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Philosophy and constitutional theory : the cautionary tale of Jeremy Waldron and the Philosopher's Stone.

Murray, K.L. (2019) 'Philosophy and constitutional theory : the cautionary tale of Jeremy Waldron and the Philosopher's Stone.', Canadian journal of law and jurisprudence., 32 (1). pp. 127-158.

Abstract

This article considers the relationship between moral philosophy and constitutional theory through a detailed examination of the work of Jeremy Waldron—an unavoidable voice in contemporary constitutionalist debate. Through a rigorous, original and holistic deconstruction of his work and its philosophical implications, I argue that Waldron’s engagement with core philosophy within his constitutional scholarship is wholly problematic, containing a number of ambiguities and apparent inconsistencies. These issues, I suggest, may stem from an at times rather casual treatment of the realist/anti-realist issue of core philosophy, perhaps owing something to his view that it is in fact safely irrelevant to his constitutional pursuits. In any case, this view, I argue, is misguided, and the problems which result are real: they not only create issues of theoretical consistency and clarity; they put Waldron’s constitutional theory in danger. Like all good tales, I suggest there are lessons to be learned from this: one must think, and think carefully, about the philosophical background of one’s work, and take care in setting this out in a clear, thorough and coherent way—the stakes are too high not to. With this in mind, this article also lays some groundwork for a path into constitutional theory firmly grounded in my own anti-realist moral scepticism.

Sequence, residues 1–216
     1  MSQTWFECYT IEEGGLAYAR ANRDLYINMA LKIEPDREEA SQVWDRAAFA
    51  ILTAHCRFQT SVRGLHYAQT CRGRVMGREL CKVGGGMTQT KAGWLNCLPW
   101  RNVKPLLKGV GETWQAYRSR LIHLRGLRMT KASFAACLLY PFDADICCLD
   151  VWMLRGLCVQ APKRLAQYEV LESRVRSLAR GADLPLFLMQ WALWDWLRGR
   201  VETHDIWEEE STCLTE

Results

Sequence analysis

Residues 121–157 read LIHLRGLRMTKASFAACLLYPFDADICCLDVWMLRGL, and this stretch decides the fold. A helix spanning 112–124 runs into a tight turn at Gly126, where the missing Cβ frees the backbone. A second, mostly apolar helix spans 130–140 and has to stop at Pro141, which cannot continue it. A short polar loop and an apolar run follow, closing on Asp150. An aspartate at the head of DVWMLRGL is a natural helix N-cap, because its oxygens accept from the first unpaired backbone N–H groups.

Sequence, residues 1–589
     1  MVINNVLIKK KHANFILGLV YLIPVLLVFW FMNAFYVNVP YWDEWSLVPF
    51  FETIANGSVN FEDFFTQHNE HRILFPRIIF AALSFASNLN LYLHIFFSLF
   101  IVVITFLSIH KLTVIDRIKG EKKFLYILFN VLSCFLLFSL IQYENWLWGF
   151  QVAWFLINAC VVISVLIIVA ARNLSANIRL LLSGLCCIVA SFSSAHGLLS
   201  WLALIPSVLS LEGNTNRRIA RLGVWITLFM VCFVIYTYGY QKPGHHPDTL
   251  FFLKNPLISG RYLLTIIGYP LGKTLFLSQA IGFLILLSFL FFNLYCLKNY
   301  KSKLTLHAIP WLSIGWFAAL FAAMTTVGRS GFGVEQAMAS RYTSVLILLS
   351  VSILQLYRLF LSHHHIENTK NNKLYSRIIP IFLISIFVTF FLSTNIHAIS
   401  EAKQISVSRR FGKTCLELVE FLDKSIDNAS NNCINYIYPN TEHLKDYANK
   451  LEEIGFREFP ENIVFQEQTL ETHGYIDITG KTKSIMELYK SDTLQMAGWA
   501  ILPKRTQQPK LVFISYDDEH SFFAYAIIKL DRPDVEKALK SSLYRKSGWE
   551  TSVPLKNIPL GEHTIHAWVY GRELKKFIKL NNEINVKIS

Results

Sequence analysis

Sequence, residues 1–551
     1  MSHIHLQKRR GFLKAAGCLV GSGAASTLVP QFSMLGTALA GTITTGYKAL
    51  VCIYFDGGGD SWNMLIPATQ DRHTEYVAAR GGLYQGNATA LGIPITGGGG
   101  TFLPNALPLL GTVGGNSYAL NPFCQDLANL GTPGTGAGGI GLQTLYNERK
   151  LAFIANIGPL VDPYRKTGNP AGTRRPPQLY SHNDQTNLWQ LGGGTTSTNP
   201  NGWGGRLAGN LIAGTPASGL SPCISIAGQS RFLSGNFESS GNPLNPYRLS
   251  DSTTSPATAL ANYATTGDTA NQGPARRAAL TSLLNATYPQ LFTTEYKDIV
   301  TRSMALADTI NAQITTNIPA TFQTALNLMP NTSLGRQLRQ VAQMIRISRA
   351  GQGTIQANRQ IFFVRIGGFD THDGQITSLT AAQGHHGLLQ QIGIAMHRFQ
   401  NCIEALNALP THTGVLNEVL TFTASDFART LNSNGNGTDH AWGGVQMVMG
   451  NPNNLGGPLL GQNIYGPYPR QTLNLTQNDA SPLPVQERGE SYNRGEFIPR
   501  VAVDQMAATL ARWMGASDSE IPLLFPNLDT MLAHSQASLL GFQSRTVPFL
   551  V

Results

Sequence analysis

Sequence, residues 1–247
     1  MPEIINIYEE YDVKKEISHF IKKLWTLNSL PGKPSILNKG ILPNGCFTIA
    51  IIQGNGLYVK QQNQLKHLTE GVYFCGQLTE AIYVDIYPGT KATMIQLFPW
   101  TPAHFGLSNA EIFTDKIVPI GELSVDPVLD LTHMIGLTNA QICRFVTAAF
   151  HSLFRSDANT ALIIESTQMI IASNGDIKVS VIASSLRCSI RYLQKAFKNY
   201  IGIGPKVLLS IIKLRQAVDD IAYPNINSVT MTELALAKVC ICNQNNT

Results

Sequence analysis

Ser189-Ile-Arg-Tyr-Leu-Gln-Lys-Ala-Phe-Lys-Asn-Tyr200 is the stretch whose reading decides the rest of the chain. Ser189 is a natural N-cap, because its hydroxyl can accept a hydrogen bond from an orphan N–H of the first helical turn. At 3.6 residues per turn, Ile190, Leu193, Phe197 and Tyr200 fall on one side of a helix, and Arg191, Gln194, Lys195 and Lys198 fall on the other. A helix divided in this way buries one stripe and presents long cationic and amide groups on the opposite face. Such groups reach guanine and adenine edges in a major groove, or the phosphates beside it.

Item Type:Article
Full text:(AM) Accepted Manuscript
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Status:Peer-reviewed
Publisher Web site:https://doi.org/10.1017/cjlj.2019.6
Publisher statement:This article has been published in a revised form in Canadian journal of law and jurisprudence https://doi.org/10.1017/cjlj.2019.6. This version is free to view and download for private research and study only. Not for re-distribution, re-sale or use in derivative works. © Canadian Journal of Law and Jurisprudence 2019.
Date accepted:04 September 2018
Date deposited:07 September 2018
Date of first online publication:08 February 2019
Date first made open access:07 September 2018

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